I’ve recently been involved in discussions about brand. Some hold their brand with very high regard, and others dismiss its value and importance very quickly. In my tenure in business, I’ve always been in the first group. Please do not mentally check out here because you think don’t you have a brand. We all have a brand, even if it’s our own personal brand.
So what is a brand? It’s the image or characteristic someone gains when the brand is presented. For instance, if I say Rolls Royce, people might say “quality,” “expensive,” and so forth.
In today’s world, brands are very valuable. They’re also thrown around and wasted at an alarming rate. If you don’t see the value in brands, think of this example. Around 2006, Ford Motor Co. mortgaged the brand. The Ford oval is one of the most recognizable brands in the world. They actually went to the banks and opened credit lines for future borrowing based on the value of that brand and other assets. The reaction in the industry was obviously highly critical. No car company had ever done that before. Many said it spelled the end of Ford. Fast forward to 2009, the mortgage crisis brings to all of us the worst economic conditions since the Great Depression. Car companies are hemorrhaging money and there is NO money to be borrowed at any rate. Oh, except the guys who leveraged their brand. They could get dollars when no one else could, all thanks to the brand.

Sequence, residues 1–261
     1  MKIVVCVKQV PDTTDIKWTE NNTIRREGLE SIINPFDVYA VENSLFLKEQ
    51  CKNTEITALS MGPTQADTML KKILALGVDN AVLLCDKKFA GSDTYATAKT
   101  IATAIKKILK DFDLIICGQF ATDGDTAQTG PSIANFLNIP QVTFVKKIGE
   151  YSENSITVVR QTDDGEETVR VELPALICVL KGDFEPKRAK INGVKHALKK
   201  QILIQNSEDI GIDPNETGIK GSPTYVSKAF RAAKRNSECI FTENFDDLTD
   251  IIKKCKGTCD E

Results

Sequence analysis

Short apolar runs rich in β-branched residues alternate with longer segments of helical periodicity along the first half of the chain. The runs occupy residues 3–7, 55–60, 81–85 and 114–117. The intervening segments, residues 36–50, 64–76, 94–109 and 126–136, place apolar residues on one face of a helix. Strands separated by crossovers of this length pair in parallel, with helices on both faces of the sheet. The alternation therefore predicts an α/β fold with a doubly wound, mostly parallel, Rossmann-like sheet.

Brands are built over time, and it’s no accident. They have lasting value that goes on for years. They need to be protected like they’re gold.
I recently needed a group of parts for a repair. It was a group of parts that are almost a commodity in today’s environment. There are many suppliers, and it’s an extremely price-sensitive segment. I pulled up my options on an e-catalog, and there must have been 30 possibilities. I ended up buying by brand…the one I grew up selling at Shriber Auto Parts years ago. The cheapest? Absolutely not! Actually, it was a premium-branded product. It was a differentiator for me in the decision process.
The smart marketers today realize the value in their brand and continue to build it every day. Distribution entities have even launched their own brands. Some have reached pretty high regard in the marketplace. Good products, good value and excellent brand support is what it takes.
If you’re responsible for a brand, even if it’s your own, pay attention. Consider what the market is going to think of your decision about your brand. Build your brand over time, and you’ll have increased market value.
Brand: it matters. Protect it and build it.
S. Scott Shriber is publisher of Counterman.